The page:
Dr Dave Cole - Current Projects

Introduction: T cells protect our bodies against pathogens (viruses and bacteria) and cellular malignancies (cancer). T cells are some of the most important cells in our bodies as they; (1) orchestrate immunity and are key elements in the control of infection, (2) are important for the natural eradication of cancer, (3) hold the key to successful vaccination, (4) are an important factor in transplant rejection, and (5) are the root cause of autoimmune diseases (e.g. multiple sclerosis, diabetes, and rheumatoid arthritis).

The T cell receptor (TCR), on the surface of a T cell, binds to protein fragments derived from foreign invaders that are presented on CD8 TCR MHC the surface of infected cells. Once a T cell has identified a cell expressing a foreign protein fragment, the infected cell is eliminated. I am currently investigating the exact order of events in the very earliest part of T cell engagement. Recent advances have suggested that artificial T cells can be used to save patients with dangerous infections or cancer.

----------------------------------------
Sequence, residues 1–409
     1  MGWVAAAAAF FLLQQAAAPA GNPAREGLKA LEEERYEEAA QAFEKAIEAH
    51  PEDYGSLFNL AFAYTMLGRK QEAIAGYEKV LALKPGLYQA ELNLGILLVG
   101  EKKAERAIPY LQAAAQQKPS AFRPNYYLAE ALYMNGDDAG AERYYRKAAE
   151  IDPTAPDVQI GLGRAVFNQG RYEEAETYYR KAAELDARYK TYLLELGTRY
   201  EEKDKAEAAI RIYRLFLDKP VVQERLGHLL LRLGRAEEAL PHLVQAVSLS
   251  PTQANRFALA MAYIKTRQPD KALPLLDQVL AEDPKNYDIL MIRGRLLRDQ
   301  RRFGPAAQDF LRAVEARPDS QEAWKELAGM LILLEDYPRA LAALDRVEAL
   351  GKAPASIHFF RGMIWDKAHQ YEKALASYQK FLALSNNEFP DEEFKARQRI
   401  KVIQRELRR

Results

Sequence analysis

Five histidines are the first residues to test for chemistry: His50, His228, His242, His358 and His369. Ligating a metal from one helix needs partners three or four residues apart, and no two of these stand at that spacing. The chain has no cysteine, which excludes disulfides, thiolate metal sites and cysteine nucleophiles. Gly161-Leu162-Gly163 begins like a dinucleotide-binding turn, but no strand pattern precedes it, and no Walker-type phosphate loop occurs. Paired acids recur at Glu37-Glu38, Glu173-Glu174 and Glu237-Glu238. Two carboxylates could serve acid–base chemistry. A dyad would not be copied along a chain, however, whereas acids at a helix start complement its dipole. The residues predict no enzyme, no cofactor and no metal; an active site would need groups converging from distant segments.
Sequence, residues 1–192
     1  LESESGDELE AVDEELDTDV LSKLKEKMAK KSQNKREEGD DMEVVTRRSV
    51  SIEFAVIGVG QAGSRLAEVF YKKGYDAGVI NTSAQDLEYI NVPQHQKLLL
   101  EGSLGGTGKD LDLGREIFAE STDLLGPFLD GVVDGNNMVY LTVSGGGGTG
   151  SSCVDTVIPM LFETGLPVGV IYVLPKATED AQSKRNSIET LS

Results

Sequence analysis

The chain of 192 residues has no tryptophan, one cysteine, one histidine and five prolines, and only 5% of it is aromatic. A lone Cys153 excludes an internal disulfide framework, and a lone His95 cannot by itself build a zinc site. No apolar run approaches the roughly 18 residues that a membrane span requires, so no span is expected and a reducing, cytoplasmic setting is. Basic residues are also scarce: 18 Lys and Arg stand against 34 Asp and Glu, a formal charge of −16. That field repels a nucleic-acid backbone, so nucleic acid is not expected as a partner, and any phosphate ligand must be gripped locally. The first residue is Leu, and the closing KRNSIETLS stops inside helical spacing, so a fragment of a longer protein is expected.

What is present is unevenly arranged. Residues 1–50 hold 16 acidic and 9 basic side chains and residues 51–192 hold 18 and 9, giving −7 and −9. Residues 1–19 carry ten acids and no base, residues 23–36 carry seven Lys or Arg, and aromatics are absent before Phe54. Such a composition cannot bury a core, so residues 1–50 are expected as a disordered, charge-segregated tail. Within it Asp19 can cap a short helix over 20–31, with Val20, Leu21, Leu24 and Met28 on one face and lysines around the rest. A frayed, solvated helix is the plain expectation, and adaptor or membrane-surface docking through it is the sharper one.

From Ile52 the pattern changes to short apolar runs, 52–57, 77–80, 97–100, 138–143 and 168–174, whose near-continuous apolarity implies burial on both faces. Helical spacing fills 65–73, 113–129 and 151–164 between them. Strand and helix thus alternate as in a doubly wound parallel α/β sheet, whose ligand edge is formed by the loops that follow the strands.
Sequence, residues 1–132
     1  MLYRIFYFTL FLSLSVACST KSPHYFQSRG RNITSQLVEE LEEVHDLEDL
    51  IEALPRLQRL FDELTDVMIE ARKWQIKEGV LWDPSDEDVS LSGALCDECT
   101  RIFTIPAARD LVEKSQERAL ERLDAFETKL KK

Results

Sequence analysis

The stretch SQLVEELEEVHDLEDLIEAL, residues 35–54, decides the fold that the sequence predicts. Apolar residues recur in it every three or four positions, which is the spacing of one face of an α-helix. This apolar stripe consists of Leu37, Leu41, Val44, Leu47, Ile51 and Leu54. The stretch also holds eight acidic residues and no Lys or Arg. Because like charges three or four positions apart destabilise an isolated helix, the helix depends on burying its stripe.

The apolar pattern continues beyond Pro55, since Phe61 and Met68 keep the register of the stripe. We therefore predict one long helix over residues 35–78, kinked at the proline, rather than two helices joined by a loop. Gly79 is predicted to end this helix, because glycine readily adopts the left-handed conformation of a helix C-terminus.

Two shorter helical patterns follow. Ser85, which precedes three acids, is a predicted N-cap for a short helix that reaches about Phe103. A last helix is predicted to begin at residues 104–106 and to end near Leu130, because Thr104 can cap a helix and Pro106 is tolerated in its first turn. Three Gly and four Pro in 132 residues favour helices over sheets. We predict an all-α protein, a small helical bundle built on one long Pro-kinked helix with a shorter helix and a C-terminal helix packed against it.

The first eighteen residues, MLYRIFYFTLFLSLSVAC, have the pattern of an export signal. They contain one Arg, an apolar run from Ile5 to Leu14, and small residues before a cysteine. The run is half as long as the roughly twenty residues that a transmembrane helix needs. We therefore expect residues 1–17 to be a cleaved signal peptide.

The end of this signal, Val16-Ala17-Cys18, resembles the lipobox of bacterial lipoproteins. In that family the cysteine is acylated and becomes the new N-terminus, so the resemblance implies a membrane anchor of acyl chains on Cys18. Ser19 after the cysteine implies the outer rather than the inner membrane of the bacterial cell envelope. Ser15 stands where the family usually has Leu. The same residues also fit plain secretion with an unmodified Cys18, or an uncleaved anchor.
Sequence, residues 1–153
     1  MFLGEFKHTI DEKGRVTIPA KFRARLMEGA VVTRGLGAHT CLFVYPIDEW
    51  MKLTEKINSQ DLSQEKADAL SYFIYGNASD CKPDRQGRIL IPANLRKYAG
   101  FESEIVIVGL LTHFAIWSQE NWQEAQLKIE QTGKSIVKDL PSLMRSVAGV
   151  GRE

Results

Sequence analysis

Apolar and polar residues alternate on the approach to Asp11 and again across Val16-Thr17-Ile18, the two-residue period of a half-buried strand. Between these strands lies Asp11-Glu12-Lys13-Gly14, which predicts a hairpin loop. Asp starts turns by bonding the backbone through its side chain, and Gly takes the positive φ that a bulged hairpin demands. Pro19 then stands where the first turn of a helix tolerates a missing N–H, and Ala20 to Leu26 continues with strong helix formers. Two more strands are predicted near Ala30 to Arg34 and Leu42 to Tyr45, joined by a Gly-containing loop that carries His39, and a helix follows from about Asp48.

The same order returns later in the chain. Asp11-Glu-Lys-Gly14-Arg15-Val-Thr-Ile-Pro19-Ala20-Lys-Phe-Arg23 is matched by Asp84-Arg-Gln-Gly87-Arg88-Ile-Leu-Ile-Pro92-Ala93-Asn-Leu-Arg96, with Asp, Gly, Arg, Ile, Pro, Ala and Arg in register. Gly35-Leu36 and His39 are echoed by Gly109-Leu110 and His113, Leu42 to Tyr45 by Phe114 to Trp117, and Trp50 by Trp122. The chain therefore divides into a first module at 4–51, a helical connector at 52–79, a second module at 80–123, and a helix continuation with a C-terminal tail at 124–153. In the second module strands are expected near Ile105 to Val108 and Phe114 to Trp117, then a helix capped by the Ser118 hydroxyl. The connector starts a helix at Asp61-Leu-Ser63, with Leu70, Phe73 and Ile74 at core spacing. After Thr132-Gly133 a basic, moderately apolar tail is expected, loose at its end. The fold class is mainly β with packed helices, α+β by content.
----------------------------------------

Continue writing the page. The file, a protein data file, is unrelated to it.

Aims:

To further investigate the molecular rules that govern the TCR/pMHC interaction

Develop T cells with the abipty to target and destroy cancerous cells

Develop artificially altered forms of the TCR, pMHC, CD8 and CD4 to investigate T cell activation

Investigate the use of soluble receptors, such as the TCR, pMHC, CD8 and CD4 as immuno-modulators

The information gained from this study will enable us to understand how T cells respond to infections, and to design new strategies for producing artificial T cells to target and eliminate cancer cells and germs that cause disease.